Earlsfield is blessed when it comes to speciality coffee shops. Last week I wrote about Bean & Hop and, while some places would be satisfied with that, it’s not enough for Earlsfield which has today’s Coffee Spot, The Eclectic Collection, literally across the road. Opening in March 2018 with the aim of providing something different from the typical speciality coffee shop, The Eclectic Collection was initially just a café. However, the arrival of the COVID-19 pandemic in March 2020 saw the front part of The Eclectic Collection morph into a high quality delicatessen, something which has proved so popular that it’s here to stay.
These days, The Eclectic Collection is a delicatessen, a coffee shop serving an all-day brunch menu and, for two nights a week (Thursday, Friday), a restaurant with a blind menu. Serving coffee from Berlin’s The Barn certainly helps it stand out from the crowd, but perhaps the most notable thing about The Eclectic Collection are the multiple seating areas at the back, decorated in perhaps the most eclectic fashion that I’ve ever seen in a coffee shop, with colourful wallpaper, various statues, chairs which stubbornly refuse to match each other and a whole lot more besides!
You can read more of my thoughts after the gallery.
A three-minute stroll from Earlsfield Station, heading south along Garratt Lane, brings you to The Eclectic Collection, almost directly opposite Bean & Hop on the left-hand side of the street. Its striking white façade stands out, with the door on the left and a small seating area in front of the windows to the right. There are six fold-up two-person tables in two rows of three, each chair with a large rug slung over it to guard against any chilly weather, while a roll-out black and white awning provides shelter from both sun and rain.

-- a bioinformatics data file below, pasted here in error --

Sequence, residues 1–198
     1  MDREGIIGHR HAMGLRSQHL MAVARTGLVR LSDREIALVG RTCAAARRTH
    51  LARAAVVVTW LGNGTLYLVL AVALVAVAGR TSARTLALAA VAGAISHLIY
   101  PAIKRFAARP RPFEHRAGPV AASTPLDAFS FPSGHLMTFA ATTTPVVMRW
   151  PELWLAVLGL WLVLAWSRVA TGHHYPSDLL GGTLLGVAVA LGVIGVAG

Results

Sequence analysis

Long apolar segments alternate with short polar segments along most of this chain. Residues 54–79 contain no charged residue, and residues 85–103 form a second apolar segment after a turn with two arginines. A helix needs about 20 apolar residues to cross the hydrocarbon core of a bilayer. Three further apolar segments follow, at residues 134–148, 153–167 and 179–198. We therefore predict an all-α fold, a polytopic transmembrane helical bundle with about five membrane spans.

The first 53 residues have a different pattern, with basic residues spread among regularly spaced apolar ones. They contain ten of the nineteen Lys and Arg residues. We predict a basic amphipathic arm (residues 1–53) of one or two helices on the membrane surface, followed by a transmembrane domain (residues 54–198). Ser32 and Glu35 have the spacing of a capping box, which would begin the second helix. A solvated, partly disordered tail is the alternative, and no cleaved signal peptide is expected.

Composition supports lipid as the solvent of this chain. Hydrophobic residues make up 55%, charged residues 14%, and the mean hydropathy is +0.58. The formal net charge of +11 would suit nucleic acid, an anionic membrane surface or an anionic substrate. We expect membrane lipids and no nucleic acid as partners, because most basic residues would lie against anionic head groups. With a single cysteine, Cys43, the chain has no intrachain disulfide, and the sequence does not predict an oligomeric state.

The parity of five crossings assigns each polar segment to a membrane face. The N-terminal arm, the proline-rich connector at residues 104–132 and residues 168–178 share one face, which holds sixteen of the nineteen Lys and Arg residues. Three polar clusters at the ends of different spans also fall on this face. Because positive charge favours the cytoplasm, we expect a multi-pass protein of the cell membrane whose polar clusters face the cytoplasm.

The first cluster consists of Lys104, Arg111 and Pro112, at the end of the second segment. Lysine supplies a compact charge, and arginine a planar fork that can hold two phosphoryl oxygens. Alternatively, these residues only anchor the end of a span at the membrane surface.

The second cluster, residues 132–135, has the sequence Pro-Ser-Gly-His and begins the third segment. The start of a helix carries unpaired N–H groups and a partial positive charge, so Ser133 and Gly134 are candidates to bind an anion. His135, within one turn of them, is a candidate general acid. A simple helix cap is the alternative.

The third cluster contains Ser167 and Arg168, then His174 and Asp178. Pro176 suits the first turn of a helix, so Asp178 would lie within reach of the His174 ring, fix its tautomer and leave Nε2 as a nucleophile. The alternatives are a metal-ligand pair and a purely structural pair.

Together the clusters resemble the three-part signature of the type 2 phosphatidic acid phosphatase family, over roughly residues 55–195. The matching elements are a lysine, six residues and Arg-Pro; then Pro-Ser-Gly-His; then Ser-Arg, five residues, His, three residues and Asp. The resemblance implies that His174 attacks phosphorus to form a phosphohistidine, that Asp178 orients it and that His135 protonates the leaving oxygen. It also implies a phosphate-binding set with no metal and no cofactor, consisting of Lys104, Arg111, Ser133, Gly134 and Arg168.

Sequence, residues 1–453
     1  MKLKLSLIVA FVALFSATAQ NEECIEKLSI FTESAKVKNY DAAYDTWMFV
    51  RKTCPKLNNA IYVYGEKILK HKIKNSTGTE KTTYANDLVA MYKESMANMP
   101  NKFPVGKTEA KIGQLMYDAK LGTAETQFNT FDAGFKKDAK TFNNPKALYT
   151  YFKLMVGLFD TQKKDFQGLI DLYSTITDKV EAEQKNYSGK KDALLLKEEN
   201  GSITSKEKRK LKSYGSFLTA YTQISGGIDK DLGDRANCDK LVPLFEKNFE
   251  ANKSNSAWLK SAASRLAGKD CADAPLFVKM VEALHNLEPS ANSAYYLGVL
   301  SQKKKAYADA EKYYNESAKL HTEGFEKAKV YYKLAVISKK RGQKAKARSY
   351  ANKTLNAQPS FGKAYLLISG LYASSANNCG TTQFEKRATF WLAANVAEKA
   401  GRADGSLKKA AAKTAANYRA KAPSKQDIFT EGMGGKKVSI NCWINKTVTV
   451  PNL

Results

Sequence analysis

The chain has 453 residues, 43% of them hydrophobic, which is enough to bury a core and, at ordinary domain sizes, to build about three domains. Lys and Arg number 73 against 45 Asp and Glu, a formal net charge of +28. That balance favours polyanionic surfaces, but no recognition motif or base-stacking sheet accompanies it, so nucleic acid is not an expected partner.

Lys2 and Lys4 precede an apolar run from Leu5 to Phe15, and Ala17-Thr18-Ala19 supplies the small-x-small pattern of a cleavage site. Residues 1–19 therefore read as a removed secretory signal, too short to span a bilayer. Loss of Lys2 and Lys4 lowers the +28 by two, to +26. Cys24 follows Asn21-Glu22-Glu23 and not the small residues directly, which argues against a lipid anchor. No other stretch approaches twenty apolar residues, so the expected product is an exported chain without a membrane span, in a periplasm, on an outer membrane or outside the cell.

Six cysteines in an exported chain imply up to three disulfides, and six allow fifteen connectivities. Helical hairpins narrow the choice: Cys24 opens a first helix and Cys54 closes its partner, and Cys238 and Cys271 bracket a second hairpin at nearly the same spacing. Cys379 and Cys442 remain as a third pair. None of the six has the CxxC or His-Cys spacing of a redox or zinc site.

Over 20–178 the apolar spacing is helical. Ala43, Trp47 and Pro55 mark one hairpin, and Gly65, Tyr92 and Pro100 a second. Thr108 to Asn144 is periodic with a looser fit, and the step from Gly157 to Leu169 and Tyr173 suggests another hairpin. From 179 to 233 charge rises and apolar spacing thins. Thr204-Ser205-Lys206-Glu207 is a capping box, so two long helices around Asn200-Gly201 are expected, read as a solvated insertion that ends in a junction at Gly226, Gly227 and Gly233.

Inside is what looks like a classic delicatessen. A large counter, set well back from the window, dominates on the right, with the remaining walls occupied by shelves and chiller cabinets displaying bread, cheese, pastries, vegetables, pasta and plenty of other things besides. Then there’s the Victoria Arduino Black Eagle espresso machine on the counter, with two Mahlkönig grinders thrown in for good measure. So not quite a classic delicatessen.
However, that’s only the start of the fun. A narrow doorway on the left in the back wall leads to three interconnected spaces, two long parallel ones, with a third at the back running the width of The Eclectic Collection. You start in the left-most of the two parallel spaces, which was, I suspect, a long extension at the back of the building, while the space to its right was once an open passage between it and the boundary wall, now covered with a conservatory-style sloping glass roof. Both these lead, via two steps up, to the final space at the back, which was perhaps the back yard, now similarly covered with a sloping glass roof.